The UFC is now into women’s MMA. Not all of women’s MMA, just the 135-pound division currently ruled by Ronda Rousey.

Before the UFC decided to have a women’s division, the go-to place for all ladies was Invicta FC, a new company with a sole focus on promoting all weight classes of women’s MMA. To this day, the promotion has crowned two champions and will be crowning a third at its next event.

However, the question has been asked as to whether Invicta should even bother having a 135-pound belt, now that the UFC promotes that division and that division only. Would it even be necessary or smart to crown a bantamweight champion when they likely would just be brought over to the UFC immediately after capturing the gold?

It must be noted that if Invicta did in fact crown a bantamweight champion, it would not be a big deal or much of a surprise. Every company needs a champion in every weight division it actively promotes. The only thing in this case would be that the champion would likely drop the belt when they left the company for the UFC, leading to a constant string of title fights for vacant championships.

That’s what the Invicta FC’s bantamweight division is becoming now—an audition for the UFC. But it’s not just an audition for current 135ers. Invicta’s neighboring weight classes at 125 and 145 pounds are also being mined for possible bantamweight talent.

Recent UFC addition Sheila Gaff is normally a flyweight, fighting at 125 pounds. She is ranked very high in that division, which likely earned her a contract with the company.

It seems that any lady with enough talent that can make 135 is now fair game for the UFC to pursue. They will be judged by how they perform in Invicta, the new platform for assessment by the UFC.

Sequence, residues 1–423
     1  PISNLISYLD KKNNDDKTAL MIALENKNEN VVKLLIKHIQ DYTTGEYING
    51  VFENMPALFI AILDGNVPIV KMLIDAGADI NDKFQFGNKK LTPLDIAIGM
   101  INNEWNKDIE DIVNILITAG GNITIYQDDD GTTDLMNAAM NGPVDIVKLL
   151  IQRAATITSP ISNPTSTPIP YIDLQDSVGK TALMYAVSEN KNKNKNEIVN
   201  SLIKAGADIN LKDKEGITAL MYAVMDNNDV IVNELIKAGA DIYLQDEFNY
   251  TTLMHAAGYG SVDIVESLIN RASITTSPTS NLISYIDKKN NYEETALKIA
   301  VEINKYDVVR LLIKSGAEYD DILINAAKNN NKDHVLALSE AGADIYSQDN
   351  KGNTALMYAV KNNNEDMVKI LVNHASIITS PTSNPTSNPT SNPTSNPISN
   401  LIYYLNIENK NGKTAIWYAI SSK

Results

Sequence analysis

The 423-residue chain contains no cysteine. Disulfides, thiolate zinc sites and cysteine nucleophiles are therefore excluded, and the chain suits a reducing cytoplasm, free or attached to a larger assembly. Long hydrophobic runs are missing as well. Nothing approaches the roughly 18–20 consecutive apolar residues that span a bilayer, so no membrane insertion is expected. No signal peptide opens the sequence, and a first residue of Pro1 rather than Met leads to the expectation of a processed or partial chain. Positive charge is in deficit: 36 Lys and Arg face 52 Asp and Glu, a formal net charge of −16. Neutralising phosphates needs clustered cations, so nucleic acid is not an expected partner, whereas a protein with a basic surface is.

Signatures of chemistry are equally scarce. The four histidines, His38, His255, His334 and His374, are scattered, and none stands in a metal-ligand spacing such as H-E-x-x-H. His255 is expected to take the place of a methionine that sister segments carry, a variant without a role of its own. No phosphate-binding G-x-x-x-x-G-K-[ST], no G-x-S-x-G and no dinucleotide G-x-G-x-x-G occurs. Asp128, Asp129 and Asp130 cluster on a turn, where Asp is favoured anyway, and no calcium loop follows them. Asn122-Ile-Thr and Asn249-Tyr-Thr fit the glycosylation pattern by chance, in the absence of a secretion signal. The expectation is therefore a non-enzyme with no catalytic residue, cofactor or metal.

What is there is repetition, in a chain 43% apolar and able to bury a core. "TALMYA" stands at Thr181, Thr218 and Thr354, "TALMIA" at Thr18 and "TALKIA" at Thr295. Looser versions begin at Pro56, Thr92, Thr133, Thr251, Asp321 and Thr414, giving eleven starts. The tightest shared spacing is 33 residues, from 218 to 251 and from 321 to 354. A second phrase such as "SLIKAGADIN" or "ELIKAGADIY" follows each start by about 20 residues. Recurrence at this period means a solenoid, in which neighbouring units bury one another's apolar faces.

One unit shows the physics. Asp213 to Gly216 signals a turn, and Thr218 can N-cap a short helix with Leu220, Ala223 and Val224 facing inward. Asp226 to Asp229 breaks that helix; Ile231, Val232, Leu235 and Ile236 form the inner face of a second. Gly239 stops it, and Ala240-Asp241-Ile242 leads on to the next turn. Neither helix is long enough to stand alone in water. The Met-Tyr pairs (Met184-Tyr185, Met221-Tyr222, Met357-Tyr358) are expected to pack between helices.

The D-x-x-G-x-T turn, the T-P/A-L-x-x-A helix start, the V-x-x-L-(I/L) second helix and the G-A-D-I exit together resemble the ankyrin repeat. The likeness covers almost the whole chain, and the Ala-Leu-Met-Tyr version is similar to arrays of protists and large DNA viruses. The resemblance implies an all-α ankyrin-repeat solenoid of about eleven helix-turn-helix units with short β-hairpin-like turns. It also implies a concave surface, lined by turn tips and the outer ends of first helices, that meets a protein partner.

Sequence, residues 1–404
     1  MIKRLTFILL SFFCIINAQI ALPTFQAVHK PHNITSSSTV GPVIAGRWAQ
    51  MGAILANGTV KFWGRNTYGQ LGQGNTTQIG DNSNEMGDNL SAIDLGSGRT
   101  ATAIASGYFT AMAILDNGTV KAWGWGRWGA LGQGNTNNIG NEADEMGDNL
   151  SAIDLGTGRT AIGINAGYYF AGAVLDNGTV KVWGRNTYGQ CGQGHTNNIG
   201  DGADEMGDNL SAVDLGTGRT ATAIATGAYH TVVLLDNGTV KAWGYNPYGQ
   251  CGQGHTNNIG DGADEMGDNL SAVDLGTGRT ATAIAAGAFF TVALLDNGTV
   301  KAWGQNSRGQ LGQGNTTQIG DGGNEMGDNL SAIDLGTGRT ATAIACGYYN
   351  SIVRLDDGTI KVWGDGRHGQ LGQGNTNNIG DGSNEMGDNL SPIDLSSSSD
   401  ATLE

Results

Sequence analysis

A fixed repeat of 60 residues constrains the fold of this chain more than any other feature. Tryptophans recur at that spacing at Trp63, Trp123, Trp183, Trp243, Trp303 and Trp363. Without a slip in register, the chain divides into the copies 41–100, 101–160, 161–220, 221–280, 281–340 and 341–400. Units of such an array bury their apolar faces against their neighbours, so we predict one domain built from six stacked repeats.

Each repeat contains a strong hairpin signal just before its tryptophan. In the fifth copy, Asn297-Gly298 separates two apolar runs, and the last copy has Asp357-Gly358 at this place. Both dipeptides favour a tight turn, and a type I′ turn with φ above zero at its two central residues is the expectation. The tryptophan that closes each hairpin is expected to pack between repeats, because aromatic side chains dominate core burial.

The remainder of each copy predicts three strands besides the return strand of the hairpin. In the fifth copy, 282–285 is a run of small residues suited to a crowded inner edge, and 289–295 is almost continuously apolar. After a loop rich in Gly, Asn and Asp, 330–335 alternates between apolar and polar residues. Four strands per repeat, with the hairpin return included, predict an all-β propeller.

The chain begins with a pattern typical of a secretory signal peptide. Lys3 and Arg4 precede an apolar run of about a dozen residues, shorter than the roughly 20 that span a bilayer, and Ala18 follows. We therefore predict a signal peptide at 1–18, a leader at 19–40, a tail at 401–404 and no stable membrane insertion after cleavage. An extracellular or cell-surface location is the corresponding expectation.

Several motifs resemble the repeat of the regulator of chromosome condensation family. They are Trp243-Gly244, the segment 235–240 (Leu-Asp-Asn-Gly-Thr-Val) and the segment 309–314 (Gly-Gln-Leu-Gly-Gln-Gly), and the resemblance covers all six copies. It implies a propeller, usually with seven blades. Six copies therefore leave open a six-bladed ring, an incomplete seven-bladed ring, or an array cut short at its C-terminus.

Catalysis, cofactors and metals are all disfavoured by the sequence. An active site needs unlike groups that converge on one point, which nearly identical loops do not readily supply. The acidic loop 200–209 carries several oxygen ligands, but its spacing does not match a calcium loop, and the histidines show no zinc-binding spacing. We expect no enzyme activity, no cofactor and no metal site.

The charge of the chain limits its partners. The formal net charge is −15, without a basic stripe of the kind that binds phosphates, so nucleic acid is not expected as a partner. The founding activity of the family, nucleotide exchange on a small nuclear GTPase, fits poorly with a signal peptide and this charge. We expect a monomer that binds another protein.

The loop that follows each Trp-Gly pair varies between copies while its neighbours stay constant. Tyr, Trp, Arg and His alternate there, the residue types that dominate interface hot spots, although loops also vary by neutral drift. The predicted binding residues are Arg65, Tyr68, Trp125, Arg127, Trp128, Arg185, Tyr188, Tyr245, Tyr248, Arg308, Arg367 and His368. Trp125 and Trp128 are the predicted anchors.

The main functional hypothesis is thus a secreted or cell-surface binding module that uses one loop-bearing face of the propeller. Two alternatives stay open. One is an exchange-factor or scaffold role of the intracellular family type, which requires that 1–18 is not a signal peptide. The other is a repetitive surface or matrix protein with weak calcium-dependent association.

Invicta may become the minor league for the 135-pound women in MMA. Sure, the division may be the most talent-laden, but women’s divisions aren’t nearly as deep as those on the men’s side of the sport. If the UFC does sign 20-25 of the best talents at 135, that is most of the talent in the class.

That is where the conclusion must be made. There is no reason, outside of a cooperative effort with the UFC, for Invicta to have a women’s bantamweight title. The promotion simply needs to keep the focus on developing women’s MMA, keep its cards exciting as usual and continue to feature talent from the less-seen divisions like flyweight, strawweight and atomweight.

Photo: Sarah Kaufman is already signed by the UFC, but will compete at Invicta FC 5 (Dave Mandel/Sherdog)

About The Author

Riley Kontek
Staff Writer

Riley Kontek is a Chicago-land native that has been an addict of mixed martial arts since the first Chuck Liddell-Tito Ortiz encounter. He has been writing on MMA for the last year and is a Featured Columnist for Bleacher Report MMA. In addition to that, he used to host a weekly radio show on MMA. Though he has no formal training in mixed martial arts, Riley is a master in the art of hockey fighting.

  • unbeknownst

    For now, I think the UFC would prefer Invicta FC to crown a BW champion for marketing purposes. Imagine if Shayna Baszler or Sarah D’Alelio become Invicta’s BW champion, (or even prospects like Jessamyn Duke) it’s easier to promote those fighters in their UFC debuts.

    I’m one of those people who think Zuffa is secretly hedging their bets with WMMA and helping Invicta FC make their ends meet and pay their fighters. If the WBW division has a lasting impact in the UFC, I could see Zuffa adding (absorbing) Cyborg and a WFW division into the UFC, with finally Zuffa outright “purchasing” Invicta FC and running the three lower weight classes there, like they did with the WEC.